Alarming levels of debt

A report released yesterday is warning of very high levels of personal household debt in Canada:

Canadian families are increasingly using credit to cover day-to-day living expenses, pushing national household debt to $1.3-trillion, according to the Certified General Accountants Association of Canada.

CGA-Canada warned Tuesday that many individuals are unaware of how the economic downturn has hit their financial situation, and they continue to load up their credit cards and lines of credit while skimping on savings.

According to the association’s report, a consumer survey in November indicated 85 per cent of households had outstanding debt on a credit card.

And 21 per cent of Canadians who were in debt said they could no longer manage their debt load.

I can’t imagine this will be improving quickly with the jump in EI beneficiaries.  Of course Canadian families aren’t the only ones having trouble making a budget and sticking to it.  The government of Canada announced yesterday that the deficit would be ‘substantially more’ than predicted four months ago, but has not yet said how much more.  A few hours later the BC government commented that they will likely be unable to stay under the $495 million deficit limit they promised during the election.

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sorry that should 'ICBC NOT rolling over and paying out money


Anonymous: #90 Anon, one small point on ICBC. The ICBC lawyers were dreging up personal information on the members of the jury and threatening them with anything they could find in an obvious attempt to subvert justice. They were roundly and publicly chastised for doing so by the judge. This was ICBC rolling over and paying out large sums of money. On multicultiralism , it was never meant to do anything but subvert the Canadian election results by the LIberal party of canada by creating new constiuencies and then dumping huge numbers of new immigrants into these 'ghettos' so that the scared beholden immigrants would see that there existence in Canada was dependant on Liberal party largesse. Perfect examples are the 300,000 Tamils in Toronto, Sikhs in South Vancouver. In fact studies show that by isolating these people in this… Read more »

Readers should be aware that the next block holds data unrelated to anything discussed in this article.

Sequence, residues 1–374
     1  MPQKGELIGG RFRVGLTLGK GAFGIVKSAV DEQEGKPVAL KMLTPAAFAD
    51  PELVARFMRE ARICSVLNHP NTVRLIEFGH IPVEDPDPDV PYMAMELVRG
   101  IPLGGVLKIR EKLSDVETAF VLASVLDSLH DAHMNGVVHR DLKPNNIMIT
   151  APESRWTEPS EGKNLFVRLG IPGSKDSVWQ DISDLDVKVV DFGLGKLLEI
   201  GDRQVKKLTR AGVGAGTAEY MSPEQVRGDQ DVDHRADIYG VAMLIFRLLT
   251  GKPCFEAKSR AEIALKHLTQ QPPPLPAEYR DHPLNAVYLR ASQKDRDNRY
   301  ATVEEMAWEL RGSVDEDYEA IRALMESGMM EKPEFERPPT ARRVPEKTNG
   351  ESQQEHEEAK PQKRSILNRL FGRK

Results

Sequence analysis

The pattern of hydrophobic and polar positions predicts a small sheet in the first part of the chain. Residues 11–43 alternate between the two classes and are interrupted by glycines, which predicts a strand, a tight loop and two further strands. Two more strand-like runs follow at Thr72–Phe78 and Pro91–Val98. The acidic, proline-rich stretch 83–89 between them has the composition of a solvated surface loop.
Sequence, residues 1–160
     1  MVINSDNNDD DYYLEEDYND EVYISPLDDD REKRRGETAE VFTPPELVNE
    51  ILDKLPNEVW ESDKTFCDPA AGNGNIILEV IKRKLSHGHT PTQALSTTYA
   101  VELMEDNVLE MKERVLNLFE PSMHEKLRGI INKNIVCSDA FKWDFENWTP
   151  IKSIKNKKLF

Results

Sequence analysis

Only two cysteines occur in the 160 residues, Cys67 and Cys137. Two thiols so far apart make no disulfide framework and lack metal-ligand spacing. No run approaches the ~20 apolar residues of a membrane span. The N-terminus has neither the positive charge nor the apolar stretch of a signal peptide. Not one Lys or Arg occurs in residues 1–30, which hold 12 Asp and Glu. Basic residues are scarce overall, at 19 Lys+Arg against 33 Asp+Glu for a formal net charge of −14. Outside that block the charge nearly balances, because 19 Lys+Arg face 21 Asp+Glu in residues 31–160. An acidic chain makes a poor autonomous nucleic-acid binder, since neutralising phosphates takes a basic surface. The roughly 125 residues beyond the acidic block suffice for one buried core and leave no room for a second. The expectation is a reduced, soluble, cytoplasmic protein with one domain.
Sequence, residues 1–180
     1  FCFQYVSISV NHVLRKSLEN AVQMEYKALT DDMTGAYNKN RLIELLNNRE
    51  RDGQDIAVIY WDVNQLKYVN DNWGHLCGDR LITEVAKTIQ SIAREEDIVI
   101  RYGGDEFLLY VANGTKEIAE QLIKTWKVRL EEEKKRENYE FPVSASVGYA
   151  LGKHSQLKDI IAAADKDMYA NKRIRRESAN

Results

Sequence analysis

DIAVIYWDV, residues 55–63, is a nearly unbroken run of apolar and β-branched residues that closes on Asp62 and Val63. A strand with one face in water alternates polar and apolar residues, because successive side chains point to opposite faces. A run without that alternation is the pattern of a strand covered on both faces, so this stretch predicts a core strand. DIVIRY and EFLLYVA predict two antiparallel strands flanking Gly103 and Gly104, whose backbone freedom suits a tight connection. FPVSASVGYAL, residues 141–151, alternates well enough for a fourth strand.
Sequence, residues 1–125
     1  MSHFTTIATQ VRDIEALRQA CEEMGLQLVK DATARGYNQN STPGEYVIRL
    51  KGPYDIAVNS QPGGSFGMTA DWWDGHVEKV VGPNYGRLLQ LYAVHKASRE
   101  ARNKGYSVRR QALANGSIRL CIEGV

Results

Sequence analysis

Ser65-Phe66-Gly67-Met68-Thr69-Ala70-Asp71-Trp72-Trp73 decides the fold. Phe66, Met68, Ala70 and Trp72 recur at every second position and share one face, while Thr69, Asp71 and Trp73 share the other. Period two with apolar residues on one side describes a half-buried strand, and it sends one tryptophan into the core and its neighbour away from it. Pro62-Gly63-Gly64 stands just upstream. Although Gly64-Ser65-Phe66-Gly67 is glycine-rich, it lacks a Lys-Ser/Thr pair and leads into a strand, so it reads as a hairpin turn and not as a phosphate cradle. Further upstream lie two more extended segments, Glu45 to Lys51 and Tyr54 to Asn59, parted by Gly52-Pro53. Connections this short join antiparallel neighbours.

Denialisrampant I am not a denier. I posted what I liked and disliked about the city. But let me go over what you posted. Not sure what this has to do with real estate but here it goes. 1. I hate the term denier. Its meant to silence critism and descent without debate, so please don't use. 2. The economist is not unbiased, its not even honest about what it is. It claims to be conservative but resembles a lighter version of neoconservatism. Very anglo centric magazine. 3. The bard on the beach director is not vancouver. And being ethnic I even agree with him. I hate mulitculturalism because it really means no culture. I won't get into this as it doesn't belong on this forum. Attacking mulitculturalism an ideology and not liking minorities are not the same thing. 4.… Read more »


Just to add some more aspects to the question, I've heard before that variable rate mortgages are influenced more by overnight lending rate, unlike fixed rate mortgages which are affected by the bond market, presumably because the loan money is coming from money markets. There seem to be other factors affecting variable rate as well : for instance, we have seen banks go from prime minus discount to prime plus premium since the credit crisis hit.